'Avengers: Infinity War' - Movie Review

Marvel has been building up to this one for a decade, giving many characters their own movies and now finally bringing every single one (umm - except Ant-Man and the Wasp) into one massive movie against the most super-evil villain, like, ever. It's very carefully structured, first introducing Thanos as he slaughters thousands - and we find out he's strong enough to beat the shit out of both Thor and the Hulk. And that's before he gears up his super-weapon (the Infinity Gauntlet). So now we have a threat. And a couple characters tell a couple other characters about it, so you're gently reminded of these characters. And more character introductions, with humour - and a bit of fear. All amazingly well constructed.

We're also eventually introduced to Thanos's master plan. See, the universe is over-populated, and because of that people are living unhappy lives without enough food. His solution? Kill off half the population of the universe. He's been doing this planet by planet, but with the Infinity Gauntlet, he could do it with a snap of the fingers. He explains to Gamora (on whose world he's already applied his solution) that after, everyone has enough to eat, "a paradise." Hold on there, back up a bit ... Aside from the economic collapse this would cause, last I checked, we double the Earth's population in 50 years. So your "solution" is good for ... what, 25 years? How about halving the fertility of all sentient creatures? With that solution you wouldn't even have to kill people, it would all settle down in a generation or two ...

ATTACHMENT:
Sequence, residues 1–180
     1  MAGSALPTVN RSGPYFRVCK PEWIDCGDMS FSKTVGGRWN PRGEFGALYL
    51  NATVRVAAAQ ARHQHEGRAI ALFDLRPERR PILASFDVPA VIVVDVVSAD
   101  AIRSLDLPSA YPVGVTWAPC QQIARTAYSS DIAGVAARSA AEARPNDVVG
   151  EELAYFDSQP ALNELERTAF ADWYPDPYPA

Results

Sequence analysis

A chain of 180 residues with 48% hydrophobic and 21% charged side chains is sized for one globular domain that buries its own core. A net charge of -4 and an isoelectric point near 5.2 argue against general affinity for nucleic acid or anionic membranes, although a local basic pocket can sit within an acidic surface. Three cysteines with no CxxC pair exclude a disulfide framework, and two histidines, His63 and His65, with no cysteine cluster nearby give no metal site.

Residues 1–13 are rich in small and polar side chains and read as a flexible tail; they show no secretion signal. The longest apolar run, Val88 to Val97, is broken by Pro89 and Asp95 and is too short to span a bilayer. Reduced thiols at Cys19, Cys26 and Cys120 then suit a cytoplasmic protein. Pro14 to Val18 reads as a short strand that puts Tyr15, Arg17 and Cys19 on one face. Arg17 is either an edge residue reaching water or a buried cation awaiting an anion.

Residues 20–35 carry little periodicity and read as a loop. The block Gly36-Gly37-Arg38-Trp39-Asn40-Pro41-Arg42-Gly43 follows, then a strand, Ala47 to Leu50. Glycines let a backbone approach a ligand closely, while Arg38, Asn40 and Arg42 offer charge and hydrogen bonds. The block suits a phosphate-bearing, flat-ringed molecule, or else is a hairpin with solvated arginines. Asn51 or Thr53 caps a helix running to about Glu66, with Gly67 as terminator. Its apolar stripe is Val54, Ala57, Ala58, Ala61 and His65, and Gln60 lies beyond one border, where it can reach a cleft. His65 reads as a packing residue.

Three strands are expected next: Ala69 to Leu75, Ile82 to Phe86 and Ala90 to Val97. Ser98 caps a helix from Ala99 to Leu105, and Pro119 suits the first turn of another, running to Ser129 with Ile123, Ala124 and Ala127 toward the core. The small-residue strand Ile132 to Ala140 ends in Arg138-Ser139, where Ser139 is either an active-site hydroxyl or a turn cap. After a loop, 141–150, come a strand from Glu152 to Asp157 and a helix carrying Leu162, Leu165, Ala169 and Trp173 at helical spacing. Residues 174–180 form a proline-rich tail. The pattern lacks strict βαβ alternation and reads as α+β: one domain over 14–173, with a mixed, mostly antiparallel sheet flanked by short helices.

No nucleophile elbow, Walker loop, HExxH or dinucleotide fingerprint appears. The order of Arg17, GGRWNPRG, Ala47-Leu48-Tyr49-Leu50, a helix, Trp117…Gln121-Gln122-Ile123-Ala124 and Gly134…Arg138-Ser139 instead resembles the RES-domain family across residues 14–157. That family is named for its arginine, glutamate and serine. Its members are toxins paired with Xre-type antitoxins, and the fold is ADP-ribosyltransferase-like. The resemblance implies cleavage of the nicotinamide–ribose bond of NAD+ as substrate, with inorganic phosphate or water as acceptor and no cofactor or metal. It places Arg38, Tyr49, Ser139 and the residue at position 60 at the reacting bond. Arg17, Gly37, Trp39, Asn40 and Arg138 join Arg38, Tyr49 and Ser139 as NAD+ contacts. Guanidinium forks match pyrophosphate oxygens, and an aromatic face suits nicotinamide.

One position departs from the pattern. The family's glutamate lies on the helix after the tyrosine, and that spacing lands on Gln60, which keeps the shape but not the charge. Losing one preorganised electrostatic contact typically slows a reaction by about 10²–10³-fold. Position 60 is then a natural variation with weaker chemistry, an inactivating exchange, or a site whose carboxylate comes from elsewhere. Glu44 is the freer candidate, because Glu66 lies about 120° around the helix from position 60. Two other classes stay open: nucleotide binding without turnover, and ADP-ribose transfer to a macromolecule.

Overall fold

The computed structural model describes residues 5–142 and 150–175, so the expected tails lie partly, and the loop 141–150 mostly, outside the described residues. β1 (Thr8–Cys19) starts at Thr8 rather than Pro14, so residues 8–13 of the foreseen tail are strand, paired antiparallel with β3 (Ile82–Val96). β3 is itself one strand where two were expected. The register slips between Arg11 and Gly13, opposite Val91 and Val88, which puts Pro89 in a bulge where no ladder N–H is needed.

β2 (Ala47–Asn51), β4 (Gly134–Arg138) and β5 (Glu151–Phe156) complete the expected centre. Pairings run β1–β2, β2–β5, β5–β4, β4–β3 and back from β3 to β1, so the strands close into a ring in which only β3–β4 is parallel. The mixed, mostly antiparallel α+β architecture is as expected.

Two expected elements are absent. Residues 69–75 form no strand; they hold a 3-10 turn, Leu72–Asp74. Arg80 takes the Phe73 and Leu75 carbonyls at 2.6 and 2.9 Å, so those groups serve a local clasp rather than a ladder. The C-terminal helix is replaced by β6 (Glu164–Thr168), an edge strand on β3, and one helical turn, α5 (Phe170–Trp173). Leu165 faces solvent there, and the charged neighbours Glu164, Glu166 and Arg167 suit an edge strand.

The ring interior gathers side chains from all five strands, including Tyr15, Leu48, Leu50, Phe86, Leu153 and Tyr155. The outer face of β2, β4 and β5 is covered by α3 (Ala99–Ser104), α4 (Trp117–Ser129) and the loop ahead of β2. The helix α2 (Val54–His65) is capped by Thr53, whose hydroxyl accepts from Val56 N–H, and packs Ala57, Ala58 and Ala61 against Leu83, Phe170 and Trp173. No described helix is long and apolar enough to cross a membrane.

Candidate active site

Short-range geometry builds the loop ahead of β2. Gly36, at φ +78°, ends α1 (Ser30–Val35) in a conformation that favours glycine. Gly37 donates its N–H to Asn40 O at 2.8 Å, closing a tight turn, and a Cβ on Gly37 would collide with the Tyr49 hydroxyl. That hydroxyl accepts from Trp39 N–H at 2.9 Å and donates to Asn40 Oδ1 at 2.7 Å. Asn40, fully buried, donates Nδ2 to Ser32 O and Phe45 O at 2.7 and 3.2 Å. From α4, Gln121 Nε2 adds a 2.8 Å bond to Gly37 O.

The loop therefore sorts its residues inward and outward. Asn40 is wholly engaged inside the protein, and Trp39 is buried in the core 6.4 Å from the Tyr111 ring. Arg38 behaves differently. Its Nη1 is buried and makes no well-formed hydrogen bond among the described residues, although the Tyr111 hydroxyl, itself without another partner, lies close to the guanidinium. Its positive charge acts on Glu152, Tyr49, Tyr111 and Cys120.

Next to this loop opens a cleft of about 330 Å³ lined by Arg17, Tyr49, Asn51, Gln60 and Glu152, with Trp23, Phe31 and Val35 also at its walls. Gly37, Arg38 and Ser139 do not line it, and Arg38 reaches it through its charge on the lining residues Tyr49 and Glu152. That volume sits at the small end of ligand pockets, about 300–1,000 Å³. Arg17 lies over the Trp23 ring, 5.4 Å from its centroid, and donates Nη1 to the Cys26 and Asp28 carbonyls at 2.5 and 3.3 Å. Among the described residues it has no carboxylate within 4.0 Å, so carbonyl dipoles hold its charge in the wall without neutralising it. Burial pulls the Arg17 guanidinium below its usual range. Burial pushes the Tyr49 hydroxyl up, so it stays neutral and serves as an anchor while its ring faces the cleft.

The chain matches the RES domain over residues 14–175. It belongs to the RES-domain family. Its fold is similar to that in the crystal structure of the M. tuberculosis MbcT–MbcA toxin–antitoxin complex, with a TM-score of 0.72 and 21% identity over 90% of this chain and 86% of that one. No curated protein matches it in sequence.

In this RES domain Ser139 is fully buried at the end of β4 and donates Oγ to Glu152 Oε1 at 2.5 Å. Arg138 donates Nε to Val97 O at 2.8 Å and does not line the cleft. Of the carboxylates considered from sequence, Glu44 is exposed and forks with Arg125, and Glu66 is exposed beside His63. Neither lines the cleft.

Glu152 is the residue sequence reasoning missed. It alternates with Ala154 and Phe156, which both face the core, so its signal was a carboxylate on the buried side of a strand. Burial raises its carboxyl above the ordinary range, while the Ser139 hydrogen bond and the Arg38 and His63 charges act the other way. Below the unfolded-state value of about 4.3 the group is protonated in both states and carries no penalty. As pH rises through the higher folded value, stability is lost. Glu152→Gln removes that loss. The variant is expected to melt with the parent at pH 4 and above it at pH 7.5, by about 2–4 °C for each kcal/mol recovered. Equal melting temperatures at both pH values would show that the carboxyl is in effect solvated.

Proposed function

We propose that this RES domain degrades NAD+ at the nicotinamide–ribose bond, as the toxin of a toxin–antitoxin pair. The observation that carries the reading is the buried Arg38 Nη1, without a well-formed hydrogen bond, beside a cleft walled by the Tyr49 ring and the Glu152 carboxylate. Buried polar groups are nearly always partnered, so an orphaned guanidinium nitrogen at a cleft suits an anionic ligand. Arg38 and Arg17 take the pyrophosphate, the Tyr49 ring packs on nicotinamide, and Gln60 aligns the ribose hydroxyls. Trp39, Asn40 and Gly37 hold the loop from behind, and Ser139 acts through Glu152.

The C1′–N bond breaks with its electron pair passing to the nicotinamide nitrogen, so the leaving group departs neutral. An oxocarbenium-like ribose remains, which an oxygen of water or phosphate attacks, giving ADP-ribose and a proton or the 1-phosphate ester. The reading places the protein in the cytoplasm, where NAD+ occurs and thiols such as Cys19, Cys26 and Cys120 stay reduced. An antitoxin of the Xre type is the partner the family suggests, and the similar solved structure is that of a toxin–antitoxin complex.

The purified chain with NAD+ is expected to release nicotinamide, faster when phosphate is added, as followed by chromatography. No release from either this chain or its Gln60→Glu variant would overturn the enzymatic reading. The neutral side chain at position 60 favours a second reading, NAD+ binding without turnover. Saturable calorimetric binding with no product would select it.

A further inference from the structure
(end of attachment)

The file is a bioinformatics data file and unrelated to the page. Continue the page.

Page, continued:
I found the big fight two thirds of the way through a bit dull (and illogical), and the conclusion particularly absurd. They kill off a lot of people - but they're killing off high value Marvel franchises, and anyone with a couple brain cells to rub together knows they won't be leaving these people dead because they can't afford it. One death has weight, but dozens of their major characters? It carries no weight at all because Marvel needs these characters, and so the weight and tragedy evaporates to leave disappointment at the silliness.